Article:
Skip to content

Greater Wellington’s 2021-31 Long Term Plan adopted

http://www.gw.govt.nz/greater-wellington-s-2021-31-long-term-plan-adopted

Greater Wellington’s 2021-31 Long Term Plan adopted

A long term plan focused on meeting the challenge of climate change and building regional resilience was adopted today by Greater Wellington.

The 2021-31 Long Term Plan, which sets Greater Wellington’s priorities and budget for the next ten years, was developed over the past 18 months, and has climate change as its driving factor.

“Since declaring a regional climate emergency, Greater Wellington has focused on how it can reduce emissions and improve the region’s resilience to the impact of climate change,” says Greater Wellington Chair, Daran Ponter.

“I’d like to thank the many people and organisations for their engagement with the plan and for helping shape the region’s progress over the next decade, because there’s no way of avoiding the vital issues the plan covers. Many are fundamental to our wellbeing and directly affect how we live. This is a transformational plan for uncertain times.”

The plan delivers a strong commitment to Greater Wellington’s ‘Carbon Neutral by 2030’ and ‘Climate Positive by 2035’ goals, featuring  a programme of public transport decarbonisation and the phasing out of grazing in our regional parks and restoring the land back to its natural state.

“The key to getting to carbon neutral is knocking back public transport emissions. Bus emissions currently make up 70 per cent of Metlink’s carbon footprint, or 35 per cent of Greater Wellington’s footprint, and moving to reduce them makes real sense.

“Decarbonisation means moving to electricity to power all of our buses, and eventually, trains. So far, we have 98 electric buses in the fleet and more on order. But we need to make a step change to meet out climate goals.

“So we’re glad the public favoured our proposal that all existing and additional buses (bar a few for emergencies) be replaced with, or converted to, battery electric power when contracts with bus service providers are renewed in 2027 and 2030.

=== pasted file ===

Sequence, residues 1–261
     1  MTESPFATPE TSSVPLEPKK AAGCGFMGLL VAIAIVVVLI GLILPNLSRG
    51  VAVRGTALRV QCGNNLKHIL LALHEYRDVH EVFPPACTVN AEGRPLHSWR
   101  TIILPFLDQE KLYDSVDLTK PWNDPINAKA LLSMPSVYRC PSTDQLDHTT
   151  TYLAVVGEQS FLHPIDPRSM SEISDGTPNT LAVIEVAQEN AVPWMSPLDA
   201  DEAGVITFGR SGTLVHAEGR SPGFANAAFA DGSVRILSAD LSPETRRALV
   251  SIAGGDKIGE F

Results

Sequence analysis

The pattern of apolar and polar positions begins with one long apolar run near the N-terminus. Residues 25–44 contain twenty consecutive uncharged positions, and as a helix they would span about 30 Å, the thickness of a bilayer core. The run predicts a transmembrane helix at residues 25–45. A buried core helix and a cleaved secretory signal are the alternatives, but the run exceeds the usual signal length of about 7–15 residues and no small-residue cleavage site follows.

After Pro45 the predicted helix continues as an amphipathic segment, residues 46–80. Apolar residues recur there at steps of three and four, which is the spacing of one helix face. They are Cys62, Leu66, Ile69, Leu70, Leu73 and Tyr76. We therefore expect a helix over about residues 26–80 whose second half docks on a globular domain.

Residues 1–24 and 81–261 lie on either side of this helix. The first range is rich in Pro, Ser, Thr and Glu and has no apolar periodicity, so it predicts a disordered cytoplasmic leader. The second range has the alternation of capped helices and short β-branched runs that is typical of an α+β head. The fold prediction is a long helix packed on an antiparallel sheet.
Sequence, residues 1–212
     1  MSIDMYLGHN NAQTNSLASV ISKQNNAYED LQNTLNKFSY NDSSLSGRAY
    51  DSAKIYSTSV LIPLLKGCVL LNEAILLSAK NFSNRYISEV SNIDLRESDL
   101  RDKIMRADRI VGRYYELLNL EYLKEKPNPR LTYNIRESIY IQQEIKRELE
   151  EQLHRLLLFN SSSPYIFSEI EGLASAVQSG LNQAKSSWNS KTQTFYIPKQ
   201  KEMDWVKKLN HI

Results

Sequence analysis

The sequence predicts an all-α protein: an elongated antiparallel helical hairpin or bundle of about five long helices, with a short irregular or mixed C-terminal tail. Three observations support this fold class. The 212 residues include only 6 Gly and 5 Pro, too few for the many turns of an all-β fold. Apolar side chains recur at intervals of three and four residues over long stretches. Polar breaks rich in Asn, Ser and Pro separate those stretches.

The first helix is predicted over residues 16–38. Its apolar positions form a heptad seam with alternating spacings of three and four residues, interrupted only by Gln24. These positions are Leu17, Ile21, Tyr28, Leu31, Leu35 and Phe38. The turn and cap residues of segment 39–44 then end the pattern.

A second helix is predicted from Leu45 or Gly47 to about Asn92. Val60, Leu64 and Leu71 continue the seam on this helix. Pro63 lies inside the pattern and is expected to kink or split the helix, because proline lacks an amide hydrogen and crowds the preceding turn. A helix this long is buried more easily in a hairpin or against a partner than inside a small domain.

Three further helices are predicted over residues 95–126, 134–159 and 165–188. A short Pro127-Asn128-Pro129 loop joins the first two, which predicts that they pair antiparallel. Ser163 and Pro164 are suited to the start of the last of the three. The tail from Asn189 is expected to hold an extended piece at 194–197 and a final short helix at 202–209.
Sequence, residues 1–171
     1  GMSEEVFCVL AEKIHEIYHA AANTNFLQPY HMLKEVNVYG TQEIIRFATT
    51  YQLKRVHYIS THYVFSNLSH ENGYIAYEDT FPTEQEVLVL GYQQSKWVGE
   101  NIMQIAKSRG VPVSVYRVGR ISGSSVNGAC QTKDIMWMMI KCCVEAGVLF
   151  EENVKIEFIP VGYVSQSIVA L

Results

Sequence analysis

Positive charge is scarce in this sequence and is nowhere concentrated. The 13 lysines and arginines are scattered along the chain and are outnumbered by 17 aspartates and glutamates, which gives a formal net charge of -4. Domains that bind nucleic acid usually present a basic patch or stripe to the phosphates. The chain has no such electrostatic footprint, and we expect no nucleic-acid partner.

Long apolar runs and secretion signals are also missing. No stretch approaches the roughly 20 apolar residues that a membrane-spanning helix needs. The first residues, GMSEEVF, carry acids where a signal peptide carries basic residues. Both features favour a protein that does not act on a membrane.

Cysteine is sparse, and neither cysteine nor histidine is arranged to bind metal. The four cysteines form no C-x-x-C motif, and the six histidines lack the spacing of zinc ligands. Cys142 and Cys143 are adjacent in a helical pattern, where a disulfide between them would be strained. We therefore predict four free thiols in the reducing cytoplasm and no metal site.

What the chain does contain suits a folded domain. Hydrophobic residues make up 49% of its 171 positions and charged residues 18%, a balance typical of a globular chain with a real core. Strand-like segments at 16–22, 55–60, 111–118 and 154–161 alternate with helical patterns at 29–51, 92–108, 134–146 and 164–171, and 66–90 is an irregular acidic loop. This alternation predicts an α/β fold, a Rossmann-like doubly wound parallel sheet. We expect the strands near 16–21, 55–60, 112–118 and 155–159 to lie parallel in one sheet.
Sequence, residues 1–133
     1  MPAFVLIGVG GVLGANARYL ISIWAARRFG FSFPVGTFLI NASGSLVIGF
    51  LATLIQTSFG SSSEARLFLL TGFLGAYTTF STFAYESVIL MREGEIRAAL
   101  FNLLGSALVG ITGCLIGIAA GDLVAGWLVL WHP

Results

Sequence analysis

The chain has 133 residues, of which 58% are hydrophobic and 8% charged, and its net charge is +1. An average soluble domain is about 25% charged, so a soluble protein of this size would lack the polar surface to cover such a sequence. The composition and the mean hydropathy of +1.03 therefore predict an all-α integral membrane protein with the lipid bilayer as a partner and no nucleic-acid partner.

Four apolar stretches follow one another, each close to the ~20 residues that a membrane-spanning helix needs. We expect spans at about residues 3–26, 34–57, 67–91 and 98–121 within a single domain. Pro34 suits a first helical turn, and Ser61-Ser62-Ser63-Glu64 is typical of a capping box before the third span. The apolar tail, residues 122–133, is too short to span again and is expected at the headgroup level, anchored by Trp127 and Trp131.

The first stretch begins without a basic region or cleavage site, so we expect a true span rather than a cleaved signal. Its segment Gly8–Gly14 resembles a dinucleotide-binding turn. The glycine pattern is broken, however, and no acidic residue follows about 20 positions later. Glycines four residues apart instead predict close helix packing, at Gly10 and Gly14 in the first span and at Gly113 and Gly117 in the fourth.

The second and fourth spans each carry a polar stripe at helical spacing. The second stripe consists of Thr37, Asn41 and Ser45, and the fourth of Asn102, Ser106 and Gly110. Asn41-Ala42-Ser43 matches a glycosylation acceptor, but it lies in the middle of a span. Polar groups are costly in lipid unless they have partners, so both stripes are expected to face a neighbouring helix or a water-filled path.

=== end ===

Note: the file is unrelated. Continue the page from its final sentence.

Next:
“We also want to move to all-electric trains in Wairarapa and Manawatū over the next decade. This will cost something like $1.1 billion over 10 year, ” Says Cr Ponter.

Public Consultation on the draft plan ran for 32 days in April/May and 331 formal submissions, of which 57 were heard at public hearings, were received.

There was majority public support for the preferred ‘go fast, invest now’ option for all three of the plan’s priority consultation initiatives (electrification of the transport network, restoration of regional parks and support for the regional joint committee with a secretariat), which is reflected in the final plan.

As a consequence, in the first year of the plan (2021/22) the average annual rates increase is 12.95 percent. This equates to approximately a region-wide average increase per week of:

  • $1.31 (incl. GST) for the residential ratepayer
  • $5.01 (excl. GST) for the business ratepayer
  • $1.65 (excl. GST) for the rural ratepayer.

The average annual rates increase across the Wellington Region over the life of this plan are:

2021/22

2022/23

2023/24

2024/25

2025/26

2026/27

2027/28

2028/29

2029/30

2030/31

12.95%

12.28%

14.01%

10.48%

10.23%

10.05%

8.99%

5.16%

1.05%

2.35%

The plan delivers strongly on Greater Wellington’s broader strategic framework – focussing delivery on four overarching areas

  • Responding to the climate emergency
  • Improving outcomes for mana whenua and Māori
  • Adapting and responding to the impacts of COVID-19
  • Aligning with government direction

A number of other notable decisions were made on environment protection matters.

The post-consultation budget was increased funding for Predator-Free Wellington Ltd for the accelerated five-phase roll out of pest control in Wellington City.

The Mauri Tūhono ki Te Upoko o Te Ika (Regional Biodiversity Framework) Working Group had its funding brought forward to ensure the success of the programme.

Regional parks received additional resource to help cope with the volume of projects on hand and volunteers management.

Investment was also agreed in the Whaitua Implementation Programme, with  Te Awarua-o-Porirua / Porirua Harbour receiving funds to both reduce sediment entering the harbour and take action to remove it.

The Local Government Act 2002 (LGA) requires the Council to develop a Long Term Plan. This is a 10 year plan, updated every three years, and incorporates the Annual Plan for the first year.

This LTP will be available to the public in mid-July via the Greater Wellington Website, and hard copies will be available in your local library from approximately 28 July.

Visit the LTP page to find out more.

 

Back to top